Tool fans can be quite outspoken about the perceived genius of their favorite band. When a song is a good as “Stinkfist”, though, ground can easily be conceded on that point. Tool’s prog-rock leanings and arty pretensions can’t obscure the fact that guitarist Adam Jones is an excellent metal riff-writer, and Maynard James Keenan’s distinctive voice wafts throughout the recording with unimitatible ease.
Never a real part of the Seattle grunge scene, the members of Alice in Chains were closer to proper metalheads, more comfortable in the company of Guns ‘N Roses and Pantera than before the judgmental eyes of alt-rock hipsters. Before going full-on grunge for the harrowing junkie lament Dirt (1992), AIC made its first inroads to rock radio with this unabashedly metallic single. The song’s grinding stomp is catchy in of itself, but don’t neglect Layne Staley’s amazing vocal performance. Long before he began his downward spiral into the drug abuse that claimed his life, Staley’s anguished cries of “Jesus Christ” betray a gut-wrenching sorrow that in retrospect is disturbingly real.
It was tough deciding between this song and White Zombie’s 1992 name-establishing single “Thunder Kiss ‘65”. At the end, though, it was movie trailer stalwart “More Human Than Human” that got the nod for this list. Former frontman Rob Zombie is a smart man who’s always embraced trashy American pop culture with genuine, unironic affection, and “More Human Than Human” embodies those qualities to perfection, as its distinctive surging guitar hooks simultaneously betray the band’s roots in the Sonic Youth/Swans-dominated NYC noise rock scene and make you want to rev up your car engine.
Despite a few antecedents, it was Rage Against the Machine that was most responsible for legitimizing a fusion between hip hop and heavy guitar rock. Noted as much for its revolutionary Marxist politics as for its incendiary sonic assault, Rage on occasion could tip too far in the direction of its polemic concerns, slipping into didactic hectoring. But on its finest moments, Rage funneled its righteous anger into the shape of the finest rap-metal tunes around. There are plenty of great RATM single to choose from, but ultimately “Killing in the Name” stands as the definitive embodiment of the group’s collective strengths. Loaded with enough killer riffs to build an entire AC/DC album out of, it’s over five minutes of simmering discontent that finally boils over at the end into a string of justified expletives. When Zach de la Rocha finally loses his shit and screams “Fuck you, I won’t do what you tell me!” over and over again in the face of injustice, the song’s vitriol assumes a transcendent quality that feels as if it really could take on a nation of millions.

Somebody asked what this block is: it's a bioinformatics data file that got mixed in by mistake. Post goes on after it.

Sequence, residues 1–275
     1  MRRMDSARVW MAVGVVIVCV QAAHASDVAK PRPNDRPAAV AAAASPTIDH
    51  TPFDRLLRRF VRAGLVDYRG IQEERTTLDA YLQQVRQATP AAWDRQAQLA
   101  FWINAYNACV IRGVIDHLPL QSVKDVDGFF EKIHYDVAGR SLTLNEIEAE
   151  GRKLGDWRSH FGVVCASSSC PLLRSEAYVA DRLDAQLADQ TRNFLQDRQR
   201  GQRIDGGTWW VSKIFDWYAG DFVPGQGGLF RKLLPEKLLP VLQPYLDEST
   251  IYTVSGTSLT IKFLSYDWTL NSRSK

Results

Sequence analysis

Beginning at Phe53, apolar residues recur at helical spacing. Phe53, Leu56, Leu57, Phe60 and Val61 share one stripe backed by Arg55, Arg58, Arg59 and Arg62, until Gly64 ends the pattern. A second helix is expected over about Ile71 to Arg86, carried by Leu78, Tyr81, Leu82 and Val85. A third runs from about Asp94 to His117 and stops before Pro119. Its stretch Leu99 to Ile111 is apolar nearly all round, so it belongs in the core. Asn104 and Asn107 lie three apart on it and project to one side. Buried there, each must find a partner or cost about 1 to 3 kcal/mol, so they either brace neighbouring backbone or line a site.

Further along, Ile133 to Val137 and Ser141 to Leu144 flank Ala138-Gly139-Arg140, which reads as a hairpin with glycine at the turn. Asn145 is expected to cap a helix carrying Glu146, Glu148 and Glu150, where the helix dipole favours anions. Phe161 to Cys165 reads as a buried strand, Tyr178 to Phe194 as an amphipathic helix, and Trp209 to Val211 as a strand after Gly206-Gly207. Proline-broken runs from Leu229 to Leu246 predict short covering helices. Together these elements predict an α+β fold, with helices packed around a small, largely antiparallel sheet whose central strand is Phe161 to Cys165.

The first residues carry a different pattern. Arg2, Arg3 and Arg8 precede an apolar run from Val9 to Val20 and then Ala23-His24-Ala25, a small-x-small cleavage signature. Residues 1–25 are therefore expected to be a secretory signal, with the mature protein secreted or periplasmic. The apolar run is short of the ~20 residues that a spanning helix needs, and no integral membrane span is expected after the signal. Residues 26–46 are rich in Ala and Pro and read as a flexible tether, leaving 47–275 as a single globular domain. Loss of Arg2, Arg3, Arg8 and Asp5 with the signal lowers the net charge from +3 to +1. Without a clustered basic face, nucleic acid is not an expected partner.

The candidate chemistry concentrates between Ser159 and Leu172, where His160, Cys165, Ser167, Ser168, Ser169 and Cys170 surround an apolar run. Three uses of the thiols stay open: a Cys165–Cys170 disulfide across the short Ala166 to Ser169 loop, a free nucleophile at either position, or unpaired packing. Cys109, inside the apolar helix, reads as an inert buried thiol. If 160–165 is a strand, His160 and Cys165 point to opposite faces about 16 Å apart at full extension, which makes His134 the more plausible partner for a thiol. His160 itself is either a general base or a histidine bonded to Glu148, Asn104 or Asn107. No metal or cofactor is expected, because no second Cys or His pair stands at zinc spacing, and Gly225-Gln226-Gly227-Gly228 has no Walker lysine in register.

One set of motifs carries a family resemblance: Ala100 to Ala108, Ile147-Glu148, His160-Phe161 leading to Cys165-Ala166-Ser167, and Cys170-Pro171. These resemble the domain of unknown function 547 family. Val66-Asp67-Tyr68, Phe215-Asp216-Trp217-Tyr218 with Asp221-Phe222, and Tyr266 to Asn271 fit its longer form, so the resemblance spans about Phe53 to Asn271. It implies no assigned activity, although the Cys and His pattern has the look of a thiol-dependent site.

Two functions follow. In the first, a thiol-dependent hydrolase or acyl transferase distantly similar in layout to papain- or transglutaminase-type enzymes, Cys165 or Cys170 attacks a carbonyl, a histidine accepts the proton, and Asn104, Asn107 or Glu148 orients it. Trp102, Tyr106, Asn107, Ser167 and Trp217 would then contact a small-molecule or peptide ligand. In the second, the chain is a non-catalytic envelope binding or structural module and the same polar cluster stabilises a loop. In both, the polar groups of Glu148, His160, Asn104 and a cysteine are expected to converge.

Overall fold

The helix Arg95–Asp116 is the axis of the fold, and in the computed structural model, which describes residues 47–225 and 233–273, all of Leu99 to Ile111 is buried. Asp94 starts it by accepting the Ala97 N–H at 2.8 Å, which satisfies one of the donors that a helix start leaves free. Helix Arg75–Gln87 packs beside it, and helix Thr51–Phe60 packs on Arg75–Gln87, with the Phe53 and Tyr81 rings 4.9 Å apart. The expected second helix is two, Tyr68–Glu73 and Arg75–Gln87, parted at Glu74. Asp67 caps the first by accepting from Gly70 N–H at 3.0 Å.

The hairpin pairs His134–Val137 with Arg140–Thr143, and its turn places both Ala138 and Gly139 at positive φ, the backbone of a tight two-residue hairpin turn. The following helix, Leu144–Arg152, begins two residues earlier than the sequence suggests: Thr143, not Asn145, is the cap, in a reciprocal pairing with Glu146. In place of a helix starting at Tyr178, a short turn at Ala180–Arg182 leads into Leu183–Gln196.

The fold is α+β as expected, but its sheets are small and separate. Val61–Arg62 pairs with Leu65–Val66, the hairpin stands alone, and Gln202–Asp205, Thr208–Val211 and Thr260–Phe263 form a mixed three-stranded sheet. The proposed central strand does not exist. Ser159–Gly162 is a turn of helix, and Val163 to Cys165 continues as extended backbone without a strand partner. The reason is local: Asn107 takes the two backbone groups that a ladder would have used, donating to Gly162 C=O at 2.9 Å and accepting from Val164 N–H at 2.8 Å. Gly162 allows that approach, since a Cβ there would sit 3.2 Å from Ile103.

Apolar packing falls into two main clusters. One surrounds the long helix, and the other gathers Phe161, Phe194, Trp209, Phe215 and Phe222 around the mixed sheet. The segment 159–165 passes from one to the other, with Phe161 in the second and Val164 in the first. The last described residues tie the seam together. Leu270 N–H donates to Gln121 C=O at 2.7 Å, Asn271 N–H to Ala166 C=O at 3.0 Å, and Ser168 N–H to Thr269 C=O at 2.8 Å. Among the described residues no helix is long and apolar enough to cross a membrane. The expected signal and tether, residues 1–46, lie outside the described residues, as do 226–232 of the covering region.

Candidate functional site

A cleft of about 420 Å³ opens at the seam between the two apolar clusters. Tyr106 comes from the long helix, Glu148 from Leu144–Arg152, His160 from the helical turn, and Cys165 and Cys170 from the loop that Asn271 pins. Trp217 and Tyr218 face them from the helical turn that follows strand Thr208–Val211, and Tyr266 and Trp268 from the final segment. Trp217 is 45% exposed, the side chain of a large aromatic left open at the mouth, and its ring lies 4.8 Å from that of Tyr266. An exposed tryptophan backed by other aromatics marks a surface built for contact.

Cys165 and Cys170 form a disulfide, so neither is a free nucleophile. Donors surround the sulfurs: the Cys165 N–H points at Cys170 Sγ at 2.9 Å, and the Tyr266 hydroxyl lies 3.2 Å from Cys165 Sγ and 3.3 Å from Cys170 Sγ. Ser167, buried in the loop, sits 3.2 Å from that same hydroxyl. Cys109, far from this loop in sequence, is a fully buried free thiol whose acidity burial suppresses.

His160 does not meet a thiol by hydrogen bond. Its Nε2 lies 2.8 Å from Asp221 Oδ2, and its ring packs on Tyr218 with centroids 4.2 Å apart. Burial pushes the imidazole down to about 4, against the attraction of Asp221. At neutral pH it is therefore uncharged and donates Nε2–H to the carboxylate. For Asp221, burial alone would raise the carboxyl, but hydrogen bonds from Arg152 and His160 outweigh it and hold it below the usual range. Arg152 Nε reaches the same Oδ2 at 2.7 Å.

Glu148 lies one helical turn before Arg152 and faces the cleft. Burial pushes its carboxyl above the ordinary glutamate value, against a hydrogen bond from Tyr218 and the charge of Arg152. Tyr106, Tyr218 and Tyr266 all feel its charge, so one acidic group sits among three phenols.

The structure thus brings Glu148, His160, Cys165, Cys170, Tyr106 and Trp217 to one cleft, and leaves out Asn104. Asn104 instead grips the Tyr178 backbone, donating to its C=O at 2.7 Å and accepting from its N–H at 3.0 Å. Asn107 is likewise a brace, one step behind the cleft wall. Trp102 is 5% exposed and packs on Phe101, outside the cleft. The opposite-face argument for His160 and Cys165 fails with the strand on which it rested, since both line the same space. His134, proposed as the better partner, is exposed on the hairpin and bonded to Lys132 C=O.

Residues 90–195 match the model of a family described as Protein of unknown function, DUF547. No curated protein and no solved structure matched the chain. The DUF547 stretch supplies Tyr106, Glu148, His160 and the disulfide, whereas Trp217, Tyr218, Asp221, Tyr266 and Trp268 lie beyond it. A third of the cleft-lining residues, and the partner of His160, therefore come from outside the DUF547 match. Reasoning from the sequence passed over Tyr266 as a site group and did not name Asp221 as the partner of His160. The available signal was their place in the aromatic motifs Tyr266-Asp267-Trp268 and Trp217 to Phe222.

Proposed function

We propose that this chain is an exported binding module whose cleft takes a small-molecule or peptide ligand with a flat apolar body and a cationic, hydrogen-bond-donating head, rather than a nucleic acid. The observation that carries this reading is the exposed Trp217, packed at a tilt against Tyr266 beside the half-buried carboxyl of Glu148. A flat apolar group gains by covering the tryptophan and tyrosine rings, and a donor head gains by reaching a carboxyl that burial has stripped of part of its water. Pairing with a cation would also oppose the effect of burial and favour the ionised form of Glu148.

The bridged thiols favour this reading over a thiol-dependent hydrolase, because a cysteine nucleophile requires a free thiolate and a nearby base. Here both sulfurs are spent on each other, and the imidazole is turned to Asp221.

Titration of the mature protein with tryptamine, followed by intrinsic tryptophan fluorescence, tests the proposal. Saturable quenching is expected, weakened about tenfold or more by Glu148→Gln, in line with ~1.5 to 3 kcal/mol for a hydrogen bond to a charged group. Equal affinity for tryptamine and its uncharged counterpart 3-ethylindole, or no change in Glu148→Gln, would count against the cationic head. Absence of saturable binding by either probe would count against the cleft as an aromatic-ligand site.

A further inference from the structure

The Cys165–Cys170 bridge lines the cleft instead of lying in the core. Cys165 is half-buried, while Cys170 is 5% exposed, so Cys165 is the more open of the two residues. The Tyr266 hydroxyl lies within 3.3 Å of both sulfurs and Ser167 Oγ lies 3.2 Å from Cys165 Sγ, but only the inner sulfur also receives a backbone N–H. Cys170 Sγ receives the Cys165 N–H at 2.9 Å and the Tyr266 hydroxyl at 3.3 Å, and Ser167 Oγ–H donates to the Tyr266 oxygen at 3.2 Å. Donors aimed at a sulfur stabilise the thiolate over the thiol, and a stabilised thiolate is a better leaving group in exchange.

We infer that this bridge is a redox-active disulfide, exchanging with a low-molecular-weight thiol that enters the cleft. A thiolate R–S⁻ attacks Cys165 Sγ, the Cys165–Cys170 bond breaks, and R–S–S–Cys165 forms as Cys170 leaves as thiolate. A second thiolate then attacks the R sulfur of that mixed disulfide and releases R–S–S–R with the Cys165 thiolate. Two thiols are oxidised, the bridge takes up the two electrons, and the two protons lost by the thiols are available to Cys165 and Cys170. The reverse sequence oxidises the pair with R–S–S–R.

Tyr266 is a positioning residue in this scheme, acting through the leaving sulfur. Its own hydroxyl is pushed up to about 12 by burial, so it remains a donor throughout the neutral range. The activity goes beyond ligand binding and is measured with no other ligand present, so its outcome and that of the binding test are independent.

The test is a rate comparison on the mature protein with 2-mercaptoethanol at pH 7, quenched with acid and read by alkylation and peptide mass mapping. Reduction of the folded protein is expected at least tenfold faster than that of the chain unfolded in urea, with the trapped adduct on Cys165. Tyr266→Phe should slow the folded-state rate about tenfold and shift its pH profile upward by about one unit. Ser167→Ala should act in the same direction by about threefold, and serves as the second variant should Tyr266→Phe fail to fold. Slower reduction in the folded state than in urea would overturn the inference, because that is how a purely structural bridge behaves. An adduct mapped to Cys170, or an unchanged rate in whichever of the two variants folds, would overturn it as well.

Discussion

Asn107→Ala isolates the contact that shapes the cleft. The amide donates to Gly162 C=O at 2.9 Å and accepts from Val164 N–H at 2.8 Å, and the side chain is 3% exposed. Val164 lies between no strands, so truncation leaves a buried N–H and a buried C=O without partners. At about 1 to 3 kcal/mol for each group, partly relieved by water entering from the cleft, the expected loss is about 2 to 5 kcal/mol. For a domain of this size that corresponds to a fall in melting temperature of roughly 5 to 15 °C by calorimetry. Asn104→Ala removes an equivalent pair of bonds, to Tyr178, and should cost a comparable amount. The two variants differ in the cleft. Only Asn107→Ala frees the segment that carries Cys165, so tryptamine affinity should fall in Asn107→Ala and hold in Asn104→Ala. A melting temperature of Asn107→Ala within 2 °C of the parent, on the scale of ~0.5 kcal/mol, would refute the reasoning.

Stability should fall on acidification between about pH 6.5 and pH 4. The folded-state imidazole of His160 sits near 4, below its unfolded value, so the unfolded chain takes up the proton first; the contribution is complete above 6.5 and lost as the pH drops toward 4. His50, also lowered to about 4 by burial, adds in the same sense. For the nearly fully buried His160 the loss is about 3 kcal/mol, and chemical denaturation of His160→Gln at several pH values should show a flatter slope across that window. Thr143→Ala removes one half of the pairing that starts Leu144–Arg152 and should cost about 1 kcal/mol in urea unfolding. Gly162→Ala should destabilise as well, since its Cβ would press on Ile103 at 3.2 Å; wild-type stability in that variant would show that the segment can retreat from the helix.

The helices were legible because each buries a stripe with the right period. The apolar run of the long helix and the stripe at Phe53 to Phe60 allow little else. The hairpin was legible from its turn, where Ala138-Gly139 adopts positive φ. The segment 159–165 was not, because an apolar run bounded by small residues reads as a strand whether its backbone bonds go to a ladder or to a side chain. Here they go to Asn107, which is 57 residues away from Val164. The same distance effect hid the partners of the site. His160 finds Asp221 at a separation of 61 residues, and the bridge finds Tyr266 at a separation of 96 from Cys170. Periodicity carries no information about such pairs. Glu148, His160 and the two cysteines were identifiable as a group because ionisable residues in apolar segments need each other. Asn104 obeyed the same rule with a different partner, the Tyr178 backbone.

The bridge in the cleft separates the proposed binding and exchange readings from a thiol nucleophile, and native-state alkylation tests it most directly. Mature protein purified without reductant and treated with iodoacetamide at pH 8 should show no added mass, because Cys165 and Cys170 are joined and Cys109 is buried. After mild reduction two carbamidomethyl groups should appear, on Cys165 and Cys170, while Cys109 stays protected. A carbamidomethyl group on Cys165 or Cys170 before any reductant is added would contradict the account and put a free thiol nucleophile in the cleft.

While NIN’s first album Pretty Hate Machine (1989) seethed with anger, it wasn’t until Trent Reznor assembled a live touring band to play his songs in concert that its music began to fulfill its potential for aural punishment. The guitar-centric, metal-imbued incarnation of the industrial group made its debut on the 1992 Broken EP, truly one of the most intense documents of visceral self-loathing ever available for sale at your local record store. “Wish” is the pinnacle of the short form release, powered by a speedy metronomic pulse that gives way to tribal power drumming and a towering wall of roaring guitars as Reznor vents his spleen. It’s such a powerful, artfully-composed recording that it earned NIN a Grammy in 1993 for Best Metal Performance—a development which has formed the basis of a popular joke regarding one of the song’s naughtier utterances.
Although The Real Thing was issued in 1989, “Epic” narrowly makes this list by virtue of being released in January 1990. Which might be a little unfair to all the other ranking songs, as Faith No More’s crossover pop hit more than lives up to its title. This Frankenstein’s Monster of funk, metal, alt-rock, and hip-hop is far more than the sum of its parts, and it introduced the world to singer Mike Patton, one of rock’s most talented and versatile vocalists. Patton’s rap flow might sound stilted to modern ears, but “Epic” overcomes its dated sonic signifiers by virtue of the effective realization of its ambition. It’s especially noteworthy that while the nu metal generation was effusive in its praise of the San Francisco, California group, few of them attempted anything as audacious as this track.